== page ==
Google Glass is Google’s computer that looks vaguely like eyeglasses. Although there are no eyeglass lenses in Google Glass, they remind you of an eyeglass frame (see above). Glass is currently experimental and not yet available on the consumer market. Plans are being made to launch Glass to the public in 2014 — but some say it could happen in late 2013.
While Google Glass puts the Internet and many computer and smartphone features right in front of your face, it also can help you enhance certain business and marketing practices. That’s where the practice of Glogging comes in.
What is Glogging?
Glogging is the act of blogging or vlogging (video blogging) using Google Glass as a camera. Think Glass + blogging = glogging.
With traditional vlogging, users might carry around a video camera to document their experiences, speaking into it all the while. Viewers can feel like they are in the room with the vlogger. It’s like a documentary.
With glogging, you get an even more personalized perspective. Viewers literally can see what the glogger sees. They see it as if through the glogger’s eyes. After all, the camera lens in Google Glass is right next to the glogger’s eye, perched on his or her head like eyeglasses.
Glogging puts viewers not just in the room, but in the glogger’s shoes, as this perspective shows:
Google Glasses Recording
How Does Glogging Work?
When someone has Google Glass on, using either a button or voice command, the user can take photos or shoot video. A tiny screen image appears above the eye, showing what the camera lens sees.
Glass users can look at what is in front of them. Or they can glance up and to the right slightly, to see what is on the little screen (see below).
Google Glass Video Screen Photo via Google
One useful feature of Google Glass is its integration with Google+, Google’s social network.
Images or video footage taken using Glass are automatically added to the user’s private Google+ photo section. You can then choose to share the media or post to other sites like Facebook and Twitter. Or you can embed the images or video into a longer blog post.
Glogging can even be live. Instead of completing a video, uploading it to Google+ and then sharing it, you could launch an instant Google+ Hangout right from Glass. Then you can share what you’re seeing live, as and when you’re seeing it.
How Can You Use Glogging For Business?
Glogging could be used for product reviews and demos. Rather than a traditional overview or demo, with glogging you can deliver something that feels more spontaneous and puts the viewer “right there” like Andy Ihnatko did with this demo of Nokia’s new Lumia 1020 camera. In his video, you can clearly see the screen and how Ihnatko is working each of the camera’s functions.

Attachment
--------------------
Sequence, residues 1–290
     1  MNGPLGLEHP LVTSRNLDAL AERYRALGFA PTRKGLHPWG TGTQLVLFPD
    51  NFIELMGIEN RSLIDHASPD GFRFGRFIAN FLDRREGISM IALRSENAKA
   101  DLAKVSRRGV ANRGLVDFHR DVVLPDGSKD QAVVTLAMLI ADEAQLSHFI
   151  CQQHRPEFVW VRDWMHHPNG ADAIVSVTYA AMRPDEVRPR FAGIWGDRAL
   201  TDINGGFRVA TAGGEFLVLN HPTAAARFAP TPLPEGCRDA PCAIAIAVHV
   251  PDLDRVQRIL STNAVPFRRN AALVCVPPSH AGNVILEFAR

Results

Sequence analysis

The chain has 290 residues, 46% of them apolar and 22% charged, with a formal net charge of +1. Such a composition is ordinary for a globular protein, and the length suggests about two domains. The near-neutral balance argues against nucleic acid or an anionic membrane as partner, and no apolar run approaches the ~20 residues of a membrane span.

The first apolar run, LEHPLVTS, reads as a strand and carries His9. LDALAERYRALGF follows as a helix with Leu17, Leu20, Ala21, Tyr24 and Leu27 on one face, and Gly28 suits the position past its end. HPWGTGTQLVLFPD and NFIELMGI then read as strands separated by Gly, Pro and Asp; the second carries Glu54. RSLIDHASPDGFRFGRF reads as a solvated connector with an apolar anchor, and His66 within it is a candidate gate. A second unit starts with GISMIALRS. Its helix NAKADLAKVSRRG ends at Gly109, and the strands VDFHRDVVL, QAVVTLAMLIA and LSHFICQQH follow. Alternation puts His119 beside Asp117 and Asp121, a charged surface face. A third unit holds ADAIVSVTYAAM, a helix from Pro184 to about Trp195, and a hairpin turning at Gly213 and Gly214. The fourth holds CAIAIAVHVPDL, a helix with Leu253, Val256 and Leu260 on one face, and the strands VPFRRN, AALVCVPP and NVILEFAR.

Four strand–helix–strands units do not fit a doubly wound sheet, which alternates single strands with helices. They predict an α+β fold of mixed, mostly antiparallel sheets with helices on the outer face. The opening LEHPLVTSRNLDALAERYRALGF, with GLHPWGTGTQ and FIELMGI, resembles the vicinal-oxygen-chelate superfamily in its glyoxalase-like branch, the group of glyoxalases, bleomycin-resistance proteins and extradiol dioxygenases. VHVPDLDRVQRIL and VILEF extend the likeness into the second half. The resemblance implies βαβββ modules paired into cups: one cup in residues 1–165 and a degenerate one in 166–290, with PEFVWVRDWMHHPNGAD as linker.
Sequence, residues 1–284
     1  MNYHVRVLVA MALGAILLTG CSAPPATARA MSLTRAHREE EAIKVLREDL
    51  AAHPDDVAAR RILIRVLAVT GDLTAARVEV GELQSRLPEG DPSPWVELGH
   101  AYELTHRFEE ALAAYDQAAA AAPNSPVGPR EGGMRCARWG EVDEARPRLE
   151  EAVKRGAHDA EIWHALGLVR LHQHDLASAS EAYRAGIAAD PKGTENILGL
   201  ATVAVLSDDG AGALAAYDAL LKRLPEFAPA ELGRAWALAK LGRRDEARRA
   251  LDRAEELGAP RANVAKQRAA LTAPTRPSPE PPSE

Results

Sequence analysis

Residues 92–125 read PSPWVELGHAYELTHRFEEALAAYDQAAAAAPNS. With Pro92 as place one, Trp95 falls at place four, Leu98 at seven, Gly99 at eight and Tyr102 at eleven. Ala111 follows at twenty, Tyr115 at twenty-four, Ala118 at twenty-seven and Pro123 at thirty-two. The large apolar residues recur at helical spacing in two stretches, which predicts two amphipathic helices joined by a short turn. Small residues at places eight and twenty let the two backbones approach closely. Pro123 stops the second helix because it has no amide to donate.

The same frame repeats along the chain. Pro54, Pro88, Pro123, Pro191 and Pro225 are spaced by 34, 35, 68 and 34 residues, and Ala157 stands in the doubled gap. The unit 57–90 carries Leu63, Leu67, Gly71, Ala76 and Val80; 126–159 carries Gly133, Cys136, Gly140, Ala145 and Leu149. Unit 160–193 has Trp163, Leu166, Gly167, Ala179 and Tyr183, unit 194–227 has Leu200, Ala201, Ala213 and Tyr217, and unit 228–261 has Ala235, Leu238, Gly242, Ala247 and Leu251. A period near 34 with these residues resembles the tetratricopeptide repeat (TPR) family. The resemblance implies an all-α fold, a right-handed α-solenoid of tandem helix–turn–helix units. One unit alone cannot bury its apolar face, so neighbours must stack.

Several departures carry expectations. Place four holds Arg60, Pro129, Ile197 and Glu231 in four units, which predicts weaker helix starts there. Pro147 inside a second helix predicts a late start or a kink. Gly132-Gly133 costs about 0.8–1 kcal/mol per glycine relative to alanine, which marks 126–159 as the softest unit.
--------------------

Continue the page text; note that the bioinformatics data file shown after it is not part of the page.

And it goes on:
If your company is releasing a new mobile app, for example, you could use glogging to easily show off all of the features without ever taking the camera off the phone screen. If you were filming a more traditional vlog, you might have to turn the phone screen toward you and away from the camera to press buttons within the app occasionally. And then you would have to turn the phone back toward the camera to show off the next screen. It would not seem nearly as “in the moment” as with glogging.
Glogging can also be used for things like tours, such as this one of Disneyland. Imagine doing a walk-through of your manufacturing facility for prospective clients. Or you could hold conversations with industry experts at a trade show or event. You could even use glogging to give interactive presentations.
You can add text captions to a video, also. For instance, you can add screen notes, or add a message to convert those viewing it into social followers.
Google Glass “Add Text” Feature Video Still
Using Glass instead of a traditional camera gives you the ability to use both hands at all times rather than using one or both to hold the camera. Viewers can see directly from the point of view of the glogger.
That way the person filming can easily point things out and narrate. Best of all, it can make users feel more like a part of the experience rather than just a bystander, as this kind of shot shows:
Google Glass Voice Command Screen Photo via Google
Though the cost for Glass is currently listed at $1,500, it may be quite a bit cheaper when the device hits the consumer market. Some experts suggest that based on the price of components and other factors, the price will be much lower by the time Google Glass becomes widely available.
Google Glass Photo via Google
So, while not yet widely available, Google Glass will likely soon be plentiful, and hopefully at a reasonable price.
Start thinking now about how you could use Google Glass videos in your business.
First Google Glass image above via Shutterstock. Others via Google.